Note to Rep. Hoyer: Gabriel Zimmerman Wasn’t the Only One

Note to Rep. Hoyer: Gabriel Zimmerman Wasn’t the Only One


Recently, Congress honored the very brave Congressional staffer Gabriel Zimmerman who lost his life in January when he was killed by crazed gunman Jared Lee Loughman in the act of protecting his boss, Rep. Gabbrielle Giffords (R-AZ).

In a unanimous vote, Members renamed a room HVC- 215 or the Capitol Center as the Gabriel Zimmerman Meeting Room. During floor speech, co-sponsor Rep. Steny Hoyer (D-MD) said something rather simple, but peculiar:

Gabe Zimmerman was the first congressional staffer in history to lose his life in the line of duty. In the 222 year history of the House of Representatives, he lost his life protecting, promoting and defending democracy. He was not the object of attack but a victim, along with six others, of a domestic terrorist intent on assassinating Congresswoman Giffords and randomly killing people participating in one of democracy’s most basic activities – the discussion between constituents and their Representative.

The statements have been reiterated in the media since the successful vote.  The problem, however, is that it isn’t accurate.

In 1989, Texas Congressman Mickey Leland, a Congressional Black Caucus Member and Democrat, and 15 others died in a plane crash in Ethiopia during a humanitarian mission to visit a refugee camp there.  Aboard the plane were Leland’s three Congressional staffers who also died in the line of duty.

Which means – in actuality – they were the first Congressional staffers to die in the line of duty.

It’s not to take away from Zimmerman’s ultimate sacrifice.  But, it is important to consider the memory of those staffers who also died while serving their country in an official capacity.  Thus, the record should reflect the facts. Hugh Anderson Johnson Jr. and Patrice Yvonne Johnson (unrelated) were both Congressional aides to Leland.  Joyce Francine Williams, an aide to retired Rep. Ronald V. Dellums (D-CA), also died on the plane.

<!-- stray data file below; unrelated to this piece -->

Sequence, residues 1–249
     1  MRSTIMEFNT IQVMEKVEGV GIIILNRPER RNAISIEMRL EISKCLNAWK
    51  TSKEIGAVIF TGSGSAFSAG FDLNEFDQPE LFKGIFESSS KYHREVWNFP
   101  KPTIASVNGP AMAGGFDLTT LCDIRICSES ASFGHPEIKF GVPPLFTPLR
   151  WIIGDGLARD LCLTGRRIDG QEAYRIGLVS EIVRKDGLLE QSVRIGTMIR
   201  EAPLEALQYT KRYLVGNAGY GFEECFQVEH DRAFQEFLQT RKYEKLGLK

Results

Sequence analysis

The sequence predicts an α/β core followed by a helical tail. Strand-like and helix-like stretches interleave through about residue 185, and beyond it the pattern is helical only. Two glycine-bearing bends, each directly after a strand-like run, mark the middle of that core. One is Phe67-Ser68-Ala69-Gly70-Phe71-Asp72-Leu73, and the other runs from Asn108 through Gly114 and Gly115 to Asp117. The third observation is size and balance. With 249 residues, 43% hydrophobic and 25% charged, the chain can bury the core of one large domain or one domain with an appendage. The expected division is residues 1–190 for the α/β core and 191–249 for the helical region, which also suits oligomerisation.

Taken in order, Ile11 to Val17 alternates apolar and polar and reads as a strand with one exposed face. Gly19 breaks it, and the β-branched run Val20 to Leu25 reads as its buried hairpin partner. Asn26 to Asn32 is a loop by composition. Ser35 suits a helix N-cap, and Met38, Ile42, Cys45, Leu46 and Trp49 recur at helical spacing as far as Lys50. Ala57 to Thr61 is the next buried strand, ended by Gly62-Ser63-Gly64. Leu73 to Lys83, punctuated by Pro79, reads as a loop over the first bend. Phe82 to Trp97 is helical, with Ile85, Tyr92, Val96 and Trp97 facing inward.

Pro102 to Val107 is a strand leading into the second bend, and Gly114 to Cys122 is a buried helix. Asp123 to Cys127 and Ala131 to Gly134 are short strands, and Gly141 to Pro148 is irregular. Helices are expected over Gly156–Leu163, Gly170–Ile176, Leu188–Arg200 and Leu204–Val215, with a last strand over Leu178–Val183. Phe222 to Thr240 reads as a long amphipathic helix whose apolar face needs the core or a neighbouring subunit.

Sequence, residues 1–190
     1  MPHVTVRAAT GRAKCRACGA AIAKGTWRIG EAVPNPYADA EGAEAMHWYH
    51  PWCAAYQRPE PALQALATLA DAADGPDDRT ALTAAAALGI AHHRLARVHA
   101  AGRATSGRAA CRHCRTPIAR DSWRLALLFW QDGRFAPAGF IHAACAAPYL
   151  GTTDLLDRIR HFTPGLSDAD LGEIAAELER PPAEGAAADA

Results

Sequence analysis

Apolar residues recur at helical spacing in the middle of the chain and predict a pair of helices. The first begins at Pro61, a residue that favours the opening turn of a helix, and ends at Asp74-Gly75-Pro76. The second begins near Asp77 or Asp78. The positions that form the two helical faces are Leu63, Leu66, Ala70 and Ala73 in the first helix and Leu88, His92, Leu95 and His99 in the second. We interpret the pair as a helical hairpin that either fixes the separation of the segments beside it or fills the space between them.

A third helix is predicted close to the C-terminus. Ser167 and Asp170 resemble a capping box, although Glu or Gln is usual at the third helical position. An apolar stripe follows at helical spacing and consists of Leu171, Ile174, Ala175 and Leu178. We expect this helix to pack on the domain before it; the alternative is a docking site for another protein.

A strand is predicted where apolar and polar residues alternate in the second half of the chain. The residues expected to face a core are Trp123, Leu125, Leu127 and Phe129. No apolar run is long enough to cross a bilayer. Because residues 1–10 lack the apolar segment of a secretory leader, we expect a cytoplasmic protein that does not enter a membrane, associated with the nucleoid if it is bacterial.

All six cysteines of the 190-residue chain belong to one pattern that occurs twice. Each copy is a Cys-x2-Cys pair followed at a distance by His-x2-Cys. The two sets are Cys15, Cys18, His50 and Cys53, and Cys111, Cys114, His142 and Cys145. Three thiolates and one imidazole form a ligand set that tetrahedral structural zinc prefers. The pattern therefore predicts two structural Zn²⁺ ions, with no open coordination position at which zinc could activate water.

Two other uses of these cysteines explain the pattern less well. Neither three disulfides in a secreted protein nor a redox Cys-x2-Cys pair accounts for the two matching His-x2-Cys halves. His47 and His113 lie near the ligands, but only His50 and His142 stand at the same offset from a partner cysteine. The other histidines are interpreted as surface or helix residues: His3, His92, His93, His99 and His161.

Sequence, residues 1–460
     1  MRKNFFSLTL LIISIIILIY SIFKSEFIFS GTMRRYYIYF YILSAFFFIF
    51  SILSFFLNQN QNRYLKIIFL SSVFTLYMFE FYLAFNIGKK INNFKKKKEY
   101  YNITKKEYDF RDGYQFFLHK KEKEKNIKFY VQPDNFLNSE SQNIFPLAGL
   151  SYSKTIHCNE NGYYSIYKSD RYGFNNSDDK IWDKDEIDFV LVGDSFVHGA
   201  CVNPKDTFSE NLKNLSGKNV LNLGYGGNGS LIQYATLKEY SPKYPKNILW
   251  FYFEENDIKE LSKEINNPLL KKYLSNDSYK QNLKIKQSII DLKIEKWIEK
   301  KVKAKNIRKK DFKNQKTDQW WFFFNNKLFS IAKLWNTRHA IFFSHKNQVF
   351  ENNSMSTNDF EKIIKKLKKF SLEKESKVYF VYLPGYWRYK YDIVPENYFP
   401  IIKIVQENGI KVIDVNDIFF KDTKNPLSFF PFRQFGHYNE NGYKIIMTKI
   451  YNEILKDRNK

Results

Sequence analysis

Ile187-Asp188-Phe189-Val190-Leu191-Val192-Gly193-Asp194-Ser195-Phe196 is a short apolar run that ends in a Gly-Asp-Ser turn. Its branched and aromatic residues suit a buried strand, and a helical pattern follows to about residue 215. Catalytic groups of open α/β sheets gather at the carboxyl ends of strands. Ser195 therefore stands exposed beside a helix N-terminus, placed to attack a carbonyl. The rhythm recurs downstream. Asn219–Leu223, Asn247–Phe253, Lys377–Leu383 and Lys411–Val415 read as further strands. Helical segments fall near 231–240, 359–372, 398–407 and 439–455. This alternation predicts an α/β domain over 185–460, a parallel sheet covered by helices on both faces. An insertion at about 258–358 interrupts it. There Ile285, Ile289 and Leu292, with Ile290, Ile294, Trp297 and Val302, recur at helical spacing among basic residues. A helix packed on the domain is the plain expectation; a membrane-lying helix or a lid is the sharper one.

After the crash, there was talk that the plane may have been shot down by rebel soldiers – though that account has never been substantiated. The 44-year-old Leland, a Democrat, was making his sixth tour of refugee camps along the Ethiopia-Sudan border as chairman of the House Select Committee on Hunger, a panel he had helped to establish five years before.

Others were among the dead, including: New York businessman and Leland friend Ivan Tillen; Robert Woods, political and economic officer at the American Embassy in Addis Ababa; special projects officer for the mission from U.S. Agency for International Development Gladys Gilbert; and acting USAID representative in Ethiopia Thomas Worrick along with his wife, Roberta; Debebe Agonofer, an Ethiopian agricultural economist with the USAID mission; and six other Ethiopians, including the plane’s crew of three.

“Mickey Leland and the other members of his traveling party, both Americans and Ethiopians, were engaged in a noble cause–trying to feed the hungry,” then President George. H.W. Bush said in a statement.

Since the crash, a Department of Energy scholarship, a center and a federal building have been named in Leland’s memory.  But, his aides have not received any official recognition for losing their life in the line of duty.